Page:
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Formula 1 British GP

How McLaren chased a top speed boost at F1's British Grand Prix

McLaren is keeping up its F1 upgrade push with new rear-wing options appearing at the British Grand Prix

McLaren MCL38 rear wing comparison

McLaren MCL38 rear wing comparison

Photo by: Uncredited

Giorgio Piola's F1 technical analysis

Giorgio Piola is the preeminent Formula 1 technical journalist. View our full selection of Giorgio's technical illustrative content

McLaren continued to pile the pressure on Red Bull at Formula 1’s British Grand Prix as it arrived with a new lower downforce rear wing assembly to boost the MCL38’s top speed.

The team also had three different beam wing specifications on hand, as it looked to find the right balance between downforce and drag reduction for the circuit and the conditions.

The new rear wing continues to leverage the same DNA as the other downforce options that the team has as its available options, albeit with a mainplane and top flap that take up much less of the available box region allowable within the regulations.

Notably, the central portion of the wing is flatter for longer but also has a much less aggressive taper as it approaches the endplate, where the corner radius is also less tightly wound as a result.

To match the trailing edge of the mainplane, the upper flap’s geometry is also less twisted across its span and features a half-moon notch in the centre of the trailing edge, rather than the v-shaped alternative found on the other rear wing solutions.

The tip section of the wing has also been modified, as the outermost trailing edge section has been trimmed, taking a triangular section of material away. This will alter the behaviour of the tip vortex, in order that it falls in line with the changes made to the surrounding surfaces (red arrow).

McLaren MCL38 rear cooling comparison (arrowed)

McLaren MCL38 rear cooling comparison (arrowed)

Photo by: Uncredited

The team also had a different rear engine cover and cooling arrangement at Silverstone, with a flared opening used to help reject heat, rather than having the upper cooling louvres open.

However, after trialling the solution it opted to bench it for the rest of the weekend, with it likely to feature in some of the upcoming races when both might be needed to reject the heat being generated.

Mercedes chasing more gains

Mercedes W15 front brake duct comparison

Mercedes W15 front brake duct comparison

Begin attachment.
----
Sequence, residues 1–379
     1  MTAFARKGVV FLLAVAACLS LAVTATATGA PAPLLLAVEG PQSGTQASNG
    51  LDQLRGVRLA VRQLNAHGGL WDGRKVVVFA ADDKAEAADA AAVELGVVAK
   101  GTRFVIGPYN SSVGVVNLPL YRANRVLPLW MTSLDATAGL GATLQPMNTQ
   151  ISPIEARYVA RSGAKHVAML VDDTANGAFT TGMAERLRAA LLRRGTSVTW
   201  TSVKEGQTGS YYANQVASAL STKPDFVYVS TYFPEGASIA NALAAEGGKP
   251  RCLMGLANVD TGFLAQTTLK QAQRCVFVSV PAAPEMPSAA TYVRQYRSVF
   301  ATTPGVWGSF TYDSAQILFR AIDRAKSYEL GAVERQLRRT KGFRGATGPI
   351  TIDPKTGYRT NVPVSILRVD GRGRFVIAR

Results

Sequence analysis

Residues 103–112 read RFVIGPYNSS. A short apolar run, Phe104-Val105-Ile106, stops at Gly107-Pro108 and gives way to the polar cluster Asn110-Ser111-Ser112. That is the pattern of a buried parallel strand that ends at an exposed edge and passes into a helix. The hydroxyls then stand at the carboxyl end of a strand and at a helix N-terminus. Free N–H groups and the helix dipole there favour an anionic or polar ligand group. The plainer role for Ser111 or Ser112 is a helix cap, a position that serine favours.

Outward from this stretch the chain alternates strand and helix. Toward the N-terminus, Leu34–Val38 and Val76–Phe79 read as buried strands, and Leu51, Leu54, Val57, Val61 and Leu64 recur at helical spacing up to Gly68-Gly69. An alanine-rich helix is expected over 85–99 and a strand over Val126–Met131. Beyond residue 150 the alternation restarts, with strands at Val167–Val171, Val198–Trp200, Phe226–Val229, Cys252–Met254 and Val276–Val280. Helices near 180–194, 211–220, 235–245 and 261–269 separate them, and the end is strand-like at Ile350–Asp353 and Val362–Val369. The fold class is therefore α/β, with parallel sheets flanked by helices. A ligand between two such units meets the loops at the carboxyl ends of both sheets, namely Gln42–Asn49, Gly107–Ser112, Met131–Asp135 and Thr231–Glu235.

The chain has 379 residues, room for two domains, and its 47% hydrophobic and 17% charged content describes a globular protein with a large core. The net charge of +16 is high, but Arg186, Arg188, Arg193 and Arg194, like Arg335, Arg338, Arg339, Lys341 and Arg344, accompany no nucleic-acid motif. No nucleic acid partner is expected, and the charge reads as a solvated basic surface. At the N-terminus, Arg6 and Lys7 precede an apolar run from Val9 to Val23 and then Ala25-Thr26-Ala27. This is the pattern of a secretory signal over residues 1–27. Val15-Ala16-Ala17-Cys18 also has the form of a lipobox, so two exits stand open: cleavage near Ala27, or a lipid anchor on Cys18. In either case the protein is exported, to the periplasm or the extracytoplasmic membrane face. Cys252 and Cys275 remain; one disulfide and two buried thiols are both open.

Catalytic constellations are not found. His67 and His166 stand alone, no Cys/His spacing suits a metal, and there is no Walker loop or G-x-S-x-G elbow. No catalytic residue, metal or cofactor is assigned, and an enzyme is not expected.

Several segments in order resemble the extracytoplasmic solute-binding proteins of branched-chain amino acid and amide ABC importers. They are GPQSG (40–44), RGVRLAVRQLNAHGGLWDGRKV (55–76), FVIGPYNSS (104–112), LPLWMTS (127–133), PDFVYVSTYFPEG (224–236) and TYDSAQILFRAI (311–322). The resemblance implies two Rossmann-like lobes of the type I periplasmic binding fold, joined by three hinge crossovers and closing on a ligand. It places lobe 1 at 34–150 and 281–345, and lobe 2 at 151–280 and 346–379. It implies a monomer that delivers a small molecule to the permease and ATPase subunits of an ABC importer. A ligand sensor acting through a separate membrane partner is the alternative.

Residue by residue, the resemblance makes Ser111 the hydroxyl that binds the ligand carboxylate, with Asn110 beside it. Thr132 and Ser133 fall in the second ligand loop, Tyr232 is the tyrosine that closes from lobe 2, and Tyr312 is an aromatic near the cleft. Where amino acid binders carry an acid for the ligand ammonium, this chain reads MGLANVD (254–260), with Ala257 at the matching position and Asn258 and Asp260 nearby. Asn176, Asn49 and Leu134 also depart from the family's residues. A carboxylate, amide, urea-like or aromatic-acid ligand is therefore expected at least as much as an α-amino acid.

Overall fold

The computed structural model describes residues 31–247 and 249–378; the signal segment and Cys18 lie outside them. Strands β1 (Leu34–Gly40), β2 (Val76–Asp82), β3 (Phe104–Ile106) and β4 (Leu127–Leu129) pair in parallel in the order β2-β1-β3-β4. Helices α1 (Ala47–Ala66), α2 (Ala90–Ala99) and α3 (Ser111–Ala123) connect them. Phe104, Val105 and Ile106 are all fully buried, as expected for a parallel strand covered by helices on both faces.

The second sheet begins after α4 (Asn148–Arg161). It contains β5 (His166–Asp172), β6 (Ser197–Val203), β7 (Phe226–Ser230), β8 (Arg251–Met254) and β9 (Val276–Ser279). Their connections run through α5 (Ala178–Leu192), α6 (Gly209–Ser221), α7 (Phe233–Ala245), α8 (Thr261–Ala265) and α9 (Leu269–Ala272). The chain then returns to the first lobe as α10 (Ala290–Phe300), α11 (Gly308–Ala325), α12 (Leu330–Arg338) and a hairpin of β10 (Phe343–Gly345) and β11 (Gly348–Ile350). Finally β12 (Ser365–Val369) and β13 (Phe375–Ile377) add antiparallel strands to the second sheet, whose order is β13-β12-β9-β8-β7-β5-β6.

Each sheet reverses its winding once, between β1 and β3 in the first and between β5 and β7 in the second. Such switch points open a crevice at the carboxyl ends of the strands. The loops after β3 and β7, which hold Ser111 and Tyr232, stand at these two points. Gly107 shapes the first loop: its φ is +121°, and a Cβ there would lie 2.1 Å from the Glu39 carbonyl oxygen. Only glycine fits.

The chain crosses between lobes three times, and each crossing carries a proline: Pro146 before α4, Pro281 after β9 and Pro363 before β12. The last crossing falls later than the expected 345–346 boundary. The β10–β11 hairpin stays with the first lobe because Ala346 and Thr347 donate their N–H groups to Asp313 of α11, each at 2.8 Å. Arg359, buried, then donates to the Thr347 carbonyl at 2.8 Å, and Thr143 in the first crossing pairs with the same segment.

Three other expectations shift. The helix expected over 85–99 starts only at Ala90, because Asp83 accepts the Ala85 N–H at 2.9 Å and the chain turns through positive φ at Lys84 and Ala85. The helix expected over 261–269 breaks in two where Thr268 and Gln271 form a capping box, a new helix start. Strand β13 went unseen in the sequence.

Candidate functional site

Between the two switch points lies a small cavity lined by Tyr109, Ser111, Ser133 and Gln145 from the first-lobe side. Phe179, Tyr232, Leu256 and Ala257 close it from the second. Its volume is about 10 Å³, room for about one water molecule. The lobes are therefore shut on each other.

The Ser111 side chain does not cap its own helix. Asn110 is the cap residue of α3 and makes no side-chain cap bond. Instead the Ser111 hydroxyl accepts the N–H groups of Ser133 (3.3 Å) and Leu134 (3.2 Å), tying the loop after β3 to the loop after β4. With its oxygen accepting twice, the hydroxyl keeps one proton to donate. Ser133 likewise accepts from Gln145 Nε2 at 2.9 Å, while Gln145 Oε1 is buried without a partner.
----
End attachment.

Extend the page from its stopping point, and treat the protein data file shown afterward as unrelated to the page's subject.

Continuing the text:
Photo by: Uncredited

Mercedes, which has also been on an upwards trajectory of late, took a similar route to McLaren for the British Grand Prix, as it had trimmed front and rear wings on hand to cater for the challenges posed by the Silverstone circuit.

But, rather than working on cooling solutions for its engine cover, it made some adjustments to the front and rear brake ducts instead.

The new arrangement at the front of the car centres around the size and shape of the inlet, with a smaller variant preferred at Silverstone.

This was in order to improve aerodynamic efficiency, as there’s less cooling required given the temperatures and high-speed nature of the circuit.

The inlet used at Silverstone (above right) tapers more at the lower end than its counterpart, whilst the internal baffles used to direct the airflow once inside the inlet are also different.

Aston seeking upgrade path

Aston Martin AMR24 front wing comparison

Aston Martin AMR24 front wing comparison

Photo by: Uncredited

Aston Martin introduced a raft of updates for the AMR24 at the Emilia Romagna Grand Prix, including a heavily revised front wing design, but rather than progress it made the car trickier to drive.

The team made more changes to its front wing as it chased answers to some inefficiencies and help optimise the new design scheme.

These start with the central section of the mainplane as the team has opted to pinch the drooped profile once more, whilst also turning the leading edge of the element up more around the centreline (see red line for comparison).

This will not only alter the pressure distribution across the central section of the wing, but it will help to better manage the airflow’s trajectory as it passes downstream, whilst also demanding more of the nose in terms of the role it plays.

There’s also more of a twist across the span of the upper flap, as the chord height has also been increased to better manage downforce production and the airflow rearward (red arrow).

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